Christmas in Thailand
Celebrating Christmas away from home and looking for a little holiday cheer? Though Thailand is a Buddhist country, and as such doesn’t really celebrate Christmas, you have a couple of pieces of good news on your side: the first is that Thais love to celebrate, so adopting another culture’s festivities is a great way for them to have fun. The second is that Thailand is filled with travelers on long-term vacations who often get a little homesick around the holidays and are looking for some traditional comforts.
You’ll see signs of Christmas in shopping malls and whatnot, but it’s unlikely that you’ll see anything related to Christianity. Christmas in Thailand is strictly for consumers and foreigners, and most Thais won’t treat it as a holiday; ie, you can expect shops to be open and business to run as usual.
For the most part, Christmas celebrations will be isolated to tourist areas. If you’re looking, you shouldn’t have a problem finding a Christmas buffet complete with turkey, mashed potatoes, and the feeling of camaraderie that comes with spending the holidays with strangers in a strange land. Expect to pay at least 200 baht minimum for a full dinner, though 300 baht is more likely. Celebrations take place both on Christmas Eve (for you Scandinavians) and Christmas Day.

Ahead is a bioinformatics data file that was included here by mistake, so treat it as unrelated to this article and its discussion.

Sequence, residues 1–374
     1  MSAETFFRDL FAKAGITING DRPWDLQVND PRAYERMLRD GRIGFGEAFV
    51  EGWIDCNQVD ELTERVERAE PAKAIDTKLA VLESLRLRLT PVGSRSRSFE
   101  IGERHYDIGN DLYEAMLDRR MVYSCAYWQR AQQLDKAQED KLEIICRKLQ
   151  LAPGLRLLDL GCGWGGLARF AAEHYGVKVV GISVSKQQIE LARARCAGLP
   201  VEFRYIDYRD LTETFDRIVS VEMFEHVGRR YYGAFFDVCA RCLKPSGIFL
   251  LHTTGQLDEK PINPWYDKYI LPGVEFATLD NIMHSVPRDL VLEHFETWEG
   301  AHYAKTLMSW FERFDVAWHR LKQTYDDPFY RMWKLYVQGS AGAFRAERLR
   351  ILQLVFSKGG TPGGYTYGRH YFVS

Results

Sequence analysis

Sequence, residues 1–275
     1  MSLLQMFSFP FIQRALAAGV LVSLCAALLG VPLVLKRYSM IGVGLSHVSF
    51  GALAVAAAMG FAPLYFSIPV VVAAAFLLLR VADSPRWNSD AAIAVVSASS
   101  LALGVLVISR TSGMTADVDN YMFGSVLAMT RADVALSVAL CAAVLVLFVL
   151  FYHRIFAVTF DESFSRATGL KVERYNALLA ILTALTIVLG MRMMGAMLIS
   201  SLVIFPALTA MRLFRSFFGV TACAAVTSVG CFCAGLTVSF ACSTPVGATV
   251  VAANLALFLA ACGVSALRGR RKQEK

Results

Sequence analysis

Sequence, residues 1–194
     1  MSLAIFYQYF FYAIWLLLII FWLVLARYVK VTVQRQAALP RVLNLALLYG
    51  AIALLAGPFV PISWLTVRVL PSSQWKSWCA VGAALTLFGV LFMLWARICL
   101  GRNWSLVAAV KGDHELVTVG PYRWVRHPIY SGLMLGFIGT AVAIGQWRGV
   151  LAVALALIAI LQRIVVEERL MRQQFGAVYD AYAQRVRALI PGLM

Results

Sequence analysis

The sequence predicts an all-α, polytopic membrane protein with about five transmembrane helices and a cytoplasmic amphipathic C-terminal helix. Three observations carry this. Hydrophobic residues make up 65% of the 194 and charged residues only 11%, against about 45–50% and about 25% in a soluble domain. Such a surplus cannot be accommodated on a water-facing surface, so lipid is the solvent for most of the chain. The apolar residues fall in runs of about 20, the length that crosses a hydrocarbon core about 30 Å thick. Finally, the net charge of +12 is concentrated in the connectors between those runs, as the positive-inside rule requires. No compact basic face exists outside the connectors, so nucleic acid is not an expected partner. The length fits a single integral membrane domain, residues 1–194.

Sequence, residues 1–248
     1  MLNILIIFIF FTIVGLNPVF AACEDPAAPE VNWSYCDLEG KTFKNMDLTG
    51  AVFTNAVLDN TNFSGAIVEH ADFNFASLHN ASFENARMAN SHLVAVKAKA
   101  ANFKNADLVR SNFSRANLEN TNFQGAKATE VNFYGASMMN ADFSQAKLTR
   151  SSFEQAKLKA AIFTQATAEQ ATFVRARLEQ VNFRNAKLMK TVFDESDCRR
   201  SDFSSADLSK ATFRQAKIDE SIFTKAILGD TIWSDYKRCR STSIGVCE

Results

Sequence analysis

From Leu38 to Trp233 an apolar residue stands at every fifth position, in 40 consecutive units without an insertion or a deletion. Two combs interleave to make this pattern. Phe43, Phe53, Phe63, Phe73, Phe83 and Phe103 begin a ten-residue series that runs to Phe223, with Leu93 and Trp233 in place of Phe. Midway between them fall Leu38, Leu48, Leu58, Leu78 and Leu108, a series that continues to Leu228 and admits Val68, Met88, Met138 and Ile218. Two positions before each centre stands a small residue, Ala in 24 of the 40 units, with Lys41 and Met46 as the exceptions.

Some tips from our personal experience celebrating Christmas in Thailand:
- Rather than plan on swift travel, stick around a location for a few days before and after the holiday so that you can relax and enjoy it.
- Plan a small gift exchange with friends or fellow travelers; part of Christmas fun is the shopping, right?
- Arrange a Skype call home so the whole fam can see you, and you them.
- If you or someone you know has an apartment, cook a Christmas feast yourself. Most ingredients are readily available in Thailand.
- Put up some decorations; one year on Ko Pha Ngan, my friend and I bought a water cooler (just the jug, for refilling our bottles; we were sticking around a while) and decorated it like a tree, complete with our tiny presents at the base.
Though the holidays are a notorious time for homesickness to set in, it’s worth it to put a little energy into re-creating whatever Christmas traditions you can.
Finally, if you’re looking for some Thai-themed gift ideas, check out our Gift Guide for the Thailand Lover.
[Photo credit: Elsie esq., Flickr]